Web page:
What were the basic results?
From examining the brains of people with ASD and comparing them with the brains of people without ASD the researchers found that the density of dendritic spines was significantly higher in ASD.
Brain development after birth involves both the formation of new nerve connections and the pruning/elimination of others. The formation of new nerve connections exceeds pruning during childhood, but then synapses are eliminated during adolescence as synapses are selected and matured.
When the researchers compared the brains of children (aged between two and nine) and adolescents (aged between 13 and 20) they found that spine density was slightly higher in children with ASD compared to controls, but was markedly higher in adolescents with ASD compared to controls.
From childhood through adolescence, dendritic spines decreased by approximately 45% in control subjects, but by only approximately 16% in those with ASD. The researchers concluded that people with ASD have a developmental defect in spine pruning/elimination.
The researchers found there were higher levels of the activated version of the signalling protein mTOR in adolescent ASD brains than brains without ASD. They also found ASD brains were not performing as much autophagy as brains without ASD.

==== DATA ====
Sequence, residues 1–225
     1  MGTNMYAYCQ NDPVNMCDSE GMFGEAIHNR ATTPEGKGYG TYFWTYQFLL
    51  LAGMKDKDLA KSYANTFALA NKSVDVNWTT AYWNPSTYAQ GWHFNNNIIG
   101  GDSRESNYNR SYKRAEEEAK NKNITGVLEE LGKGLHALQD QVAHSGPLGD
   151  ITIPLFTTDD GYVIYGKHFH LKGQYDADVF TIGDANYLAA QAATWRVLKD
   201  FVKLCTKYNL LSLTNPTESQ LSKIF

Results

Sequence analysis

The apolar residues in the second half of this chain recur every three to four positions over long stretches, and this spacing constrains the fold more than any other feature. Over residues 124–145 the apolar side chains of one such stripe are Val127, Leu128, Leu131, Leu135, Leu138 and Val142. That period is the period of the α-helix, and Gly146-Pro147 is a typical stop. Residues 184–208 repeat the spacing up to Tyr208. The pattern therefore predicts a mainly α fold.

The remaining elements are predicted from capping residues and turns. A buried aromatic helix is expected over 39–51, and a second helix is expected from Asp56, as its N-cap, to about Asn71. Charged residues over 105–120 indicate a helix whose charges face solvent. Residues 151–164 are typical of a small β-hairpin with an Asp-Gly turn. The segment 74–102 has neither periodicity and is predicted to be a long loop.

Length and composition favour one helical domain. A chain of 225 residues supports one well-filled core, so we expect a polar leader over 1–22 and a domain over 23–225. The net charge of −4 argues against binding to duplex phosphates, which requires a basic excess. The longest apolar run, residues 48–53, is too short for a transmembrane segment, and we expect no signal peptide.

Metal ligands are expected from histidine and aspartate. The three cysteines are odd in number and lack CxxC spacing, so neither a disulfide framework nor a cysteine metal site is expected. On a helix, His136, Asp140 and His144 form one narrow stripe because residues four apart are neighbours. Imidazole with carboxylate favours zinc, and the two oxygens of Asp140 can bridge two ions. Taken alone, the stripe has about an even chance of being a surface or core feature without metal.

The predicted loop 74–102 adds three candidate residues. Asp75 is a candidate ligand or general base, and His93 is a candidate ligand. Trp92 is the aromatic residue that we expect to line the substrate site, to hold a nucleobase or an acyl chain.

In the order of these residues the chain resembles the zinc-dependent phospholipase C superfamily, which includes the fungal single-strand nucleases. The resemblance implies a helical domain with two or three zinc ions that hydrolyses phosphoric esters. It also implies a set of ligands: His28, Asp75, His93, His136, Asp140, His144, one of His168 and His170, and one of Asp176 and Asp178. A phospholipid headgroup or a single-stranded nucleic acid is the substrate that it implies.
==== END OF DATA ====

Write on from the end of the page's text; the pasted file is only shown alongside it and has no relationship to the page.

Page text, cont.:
The researchers then performed experiments using mice models of ASD that had dysregulated mTOR. They found the mice had spine pruning defects. These pruning defects could be improved by treating the mice with a chemical called rapamycin which inhibits mTOR. The nerve cells of the mice models of ASD also performed less autophagy, and this was also corrected by treating the mice with rapamycin. Rapamycin also improved social behaviour of the mice on behavioural tests.
How did the researchers interpret the results?
The researchers conclude that their “findings suggest mTOR-regulated autophagy is required for developmental spine pruning, and activation of neuronal autophagy corrects synaptic pathology and social behaviour deficits in ASD models with hyperactivated mTOR".
This study has found that brains of people with ASD have more nerve cell structures called “dendritic spines”, which receive signals from other nerve cells, than the brains of people without ASD. More of the signalling protein mTOR was found to be in its activated state and a process called autophagy, which the cell uses to remove and degrade cell structures and proteins, was impaired in brains from people with ASD.
Genetically engineered mice with hyperactivated mTOR display autistic-like symptoms, have more dendritic spine pruning defects and impaired autophagy. All of these could be reversed with treatment with an inhibitor of mTOR called rapamycin.
Rapamycin is a type of antibiotic, and is currently used in medicine as an immunosuppressant to prevent organ rejection after kidney transplantation.
However, it has been associated with a range of adverse effects. As the Mail points out, this research is in its very early stages. It mainly helps our understanding of the brain changes that may be involved in this condition.
It is too soon to say whether it could lead to any treatment for autism spectrum disorders, and even if it does it is likely to be a long way off.